Potential Hazardous Objects (PHO’s) and Near Earth Objects (NEO’s)

Asteroid 2002 AJ129 will make a close approach to Earth on February 4th, at its closest the asteroid will be no closer than 10 times the distance between Earth and the Moon approximately 4.2 million kilometers.

Asteroid, computer artwork.

2002 AJ129 is an intermediate-sized near-Earth asteroid, somewhere between 0.5 km and 1.2 km acros, was discovered back in 2002, by the former NASA-sponsored Near Earth Asteroid Tracking project at the Maui Space Surveillance Site, Hawaii. The asteroid’s velocity at the time of closest approach, 34 km/s is higher than the majority of near-Earth objects. The high flyby velocity is a result of the asteroid’s orbit, which approaches very close to the Sun, at about 18 million km. Although asteroid 2002 AJ129 is categorized as a Potentially Hazardous Object, it poses no actual threat of collision!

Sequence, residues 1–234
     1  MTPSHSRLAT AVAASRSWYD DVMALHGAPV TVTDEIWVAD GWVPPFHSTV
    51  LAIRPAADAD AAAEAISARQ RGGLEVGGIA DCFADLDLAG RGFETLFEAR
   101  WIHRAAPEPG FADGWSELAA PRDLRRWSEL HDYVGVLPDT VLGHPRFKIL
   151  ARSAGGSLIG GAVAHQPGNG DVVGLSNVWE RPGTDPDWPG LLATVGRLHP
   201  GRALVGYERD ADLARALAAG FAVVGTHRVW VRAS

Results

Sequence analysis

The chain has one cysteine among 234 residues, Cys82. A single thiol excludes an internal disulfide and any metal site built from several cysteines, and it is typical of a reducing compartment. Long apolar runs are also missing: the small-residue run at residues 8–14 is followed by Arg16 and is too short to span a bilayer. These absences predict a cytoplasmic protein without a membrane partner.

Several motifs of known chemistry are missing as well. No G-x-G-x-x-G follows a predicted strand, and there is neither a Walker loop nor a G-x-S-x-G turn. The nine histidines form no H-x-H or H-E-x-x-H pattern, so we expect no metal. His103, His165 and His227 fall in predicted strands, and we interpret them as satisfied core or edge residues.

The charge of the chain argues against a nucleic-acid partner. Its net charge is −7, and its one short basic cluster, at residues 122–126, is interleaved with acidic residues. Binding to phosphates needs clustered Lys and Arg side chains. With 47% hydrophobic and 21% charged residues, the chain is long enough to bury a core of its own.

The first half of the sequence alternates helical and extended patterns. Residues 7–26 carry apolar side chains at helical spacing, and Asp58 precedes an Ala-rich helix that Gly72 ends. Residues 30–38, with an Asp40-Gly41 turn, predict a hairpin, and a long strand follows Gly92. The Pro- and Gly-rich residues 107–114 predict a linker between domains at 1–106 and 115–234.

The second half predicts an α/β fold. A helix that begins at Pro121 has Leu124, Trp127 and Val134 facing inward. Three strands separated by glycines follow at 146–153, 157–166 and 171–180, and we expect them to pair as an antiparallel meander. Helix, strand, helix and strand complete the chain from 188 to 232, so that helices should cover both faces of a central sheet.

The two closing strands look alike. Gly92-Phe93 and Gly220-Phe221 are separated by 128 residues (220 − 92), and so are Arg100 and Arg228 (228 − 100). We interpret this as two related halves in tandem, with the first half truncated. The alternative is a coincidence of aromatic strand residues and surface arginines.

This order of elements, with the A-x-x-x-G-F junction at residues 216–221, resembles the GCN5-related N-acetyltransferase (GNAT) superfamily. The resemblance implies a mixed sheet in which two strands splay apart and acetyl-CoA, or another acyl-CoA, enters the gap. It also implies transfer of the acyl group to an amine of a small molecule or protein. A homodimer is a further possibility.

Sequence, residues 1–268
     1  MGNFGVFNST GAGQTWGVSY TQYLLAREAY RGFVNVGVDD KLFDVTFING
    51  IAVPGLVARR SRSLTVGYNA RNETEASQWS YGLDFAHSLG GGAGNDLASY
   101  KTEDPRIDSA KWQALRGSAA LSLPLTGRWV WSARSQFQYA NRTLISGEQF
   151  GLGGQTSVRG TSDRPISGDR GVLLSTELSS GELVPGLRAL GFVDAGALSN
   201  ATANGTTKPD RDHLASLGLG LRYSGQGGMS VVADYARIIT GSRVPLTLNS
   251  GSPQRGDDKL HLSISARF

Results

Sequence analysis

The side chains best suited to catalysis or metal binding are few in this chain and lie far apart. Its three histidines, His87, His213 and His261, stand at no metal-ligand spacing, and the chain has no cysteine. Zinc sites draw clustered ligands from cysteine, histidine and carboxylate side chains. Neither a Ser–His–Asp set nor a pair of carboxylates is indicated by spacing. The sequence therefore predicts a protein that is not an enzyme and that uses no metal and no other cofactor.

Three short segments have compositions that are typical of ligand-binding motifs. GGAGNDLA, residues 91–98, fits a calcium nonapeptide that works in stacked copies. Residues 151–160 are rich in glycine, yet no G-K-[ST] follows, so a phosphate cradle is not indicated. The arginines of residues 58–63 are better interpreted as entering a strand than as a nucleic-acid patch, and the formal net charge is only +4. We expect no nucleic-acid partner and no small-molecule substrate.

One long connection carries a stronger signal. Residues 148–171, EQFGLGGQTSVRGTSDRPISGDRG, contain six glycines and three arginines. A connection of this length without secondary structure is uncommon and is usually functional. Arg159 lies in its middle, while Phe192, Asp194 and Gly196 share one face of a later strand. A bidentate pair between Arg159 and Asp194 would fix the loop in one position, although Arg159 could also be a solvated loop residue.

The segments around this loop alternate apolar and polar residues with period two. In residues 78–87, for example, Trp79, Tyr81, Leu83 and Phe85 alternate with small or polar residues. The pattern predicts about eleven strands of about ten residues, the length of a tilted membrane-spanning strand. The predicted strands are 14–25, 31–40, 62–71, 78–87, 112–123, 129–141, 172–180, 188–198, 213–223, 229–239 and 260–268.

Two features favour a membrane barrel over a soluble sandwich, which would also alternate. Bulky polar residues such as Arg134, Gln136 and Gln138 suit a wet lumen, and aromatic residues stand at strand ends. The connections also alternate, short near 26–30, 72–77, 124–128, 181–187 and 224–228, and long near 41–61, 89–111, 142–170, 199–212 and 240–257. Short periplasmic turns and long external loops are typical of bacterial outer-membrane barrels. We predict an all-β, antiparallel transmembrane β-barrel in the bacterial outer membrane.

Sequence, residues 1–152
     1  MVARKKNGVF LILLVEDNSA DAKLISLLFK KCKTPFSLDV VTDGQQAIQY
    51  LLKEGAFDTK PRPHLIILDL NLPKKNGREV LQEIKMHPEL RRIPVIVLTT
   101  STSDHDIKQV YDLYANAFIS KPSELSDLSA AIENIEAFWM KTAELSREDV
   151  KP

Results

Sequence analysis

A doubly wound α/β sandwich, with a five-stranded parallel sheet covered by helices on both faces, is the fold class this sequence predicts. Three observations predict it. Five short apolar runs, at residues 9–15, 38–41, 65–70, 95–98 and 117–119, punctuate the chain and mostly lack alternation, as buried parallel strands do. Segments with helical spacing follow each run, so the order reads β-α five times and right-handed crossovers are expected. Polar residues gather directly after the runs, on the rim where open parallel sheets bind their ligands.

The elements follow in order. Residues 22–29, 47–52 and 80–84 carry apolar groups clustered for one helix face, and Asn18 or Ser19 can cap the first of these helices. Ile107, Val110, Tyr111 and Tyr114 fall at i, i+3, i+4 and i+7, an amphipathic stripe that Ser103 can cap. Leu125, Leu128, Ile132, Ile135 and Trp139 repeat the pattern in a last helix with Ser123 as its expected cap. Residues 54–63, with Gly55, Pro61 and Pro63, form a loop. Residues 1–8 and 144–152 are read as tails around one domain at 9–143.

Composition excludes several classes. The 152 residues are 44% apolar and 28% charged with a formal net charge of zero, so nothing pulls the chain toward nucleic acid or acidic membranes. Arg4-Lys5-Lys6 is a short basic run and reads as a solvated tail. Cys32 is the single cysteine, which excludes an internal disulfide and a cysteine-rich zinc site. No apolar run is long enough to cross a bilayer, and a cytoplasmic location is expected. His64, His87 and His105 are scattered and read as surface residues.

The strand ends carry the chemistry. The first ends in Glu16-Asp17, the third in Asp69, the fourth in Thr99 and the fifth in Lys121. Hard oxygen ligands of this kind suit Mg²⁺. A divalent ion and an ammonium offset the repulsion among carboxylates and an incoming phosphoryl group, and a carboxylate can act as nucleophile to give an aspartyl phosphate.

The gigantic asteroid will hurtle past our planet in around two weeks time.
The 2002 AJ129 asteroid has been classed a ‘potentially hazardous’ by Nasa and will fly past at speeds of 107,826kmh.

Anything flying closer than six million miles of our planet is a near earth object (NEO) and could cause severe damage were it ever to crash into Earth.
Deflecting an asteroid on an impact course with Earth requires changing the velocity of the object by less than an inch per second years in advance of the predicted impact.
Nasa is currently moving forward with a refrigerator-sized spacecraft capable of preventing asteroids from colliding with Earth. A test with a small, nonthreatening asteroid is planned for 2024.
This is the first-ever mission to demonstrate an asteroid deflection technique for planetary defence.
The Double Asteroid Redirection Test (DART) would use what is known as a kinetic impactor technique—striking the asteroid to shift its orbit.

Presently there are 17,495 known Near-Earth Objects (NEOs) around our planet; 17,389 are asteroids.

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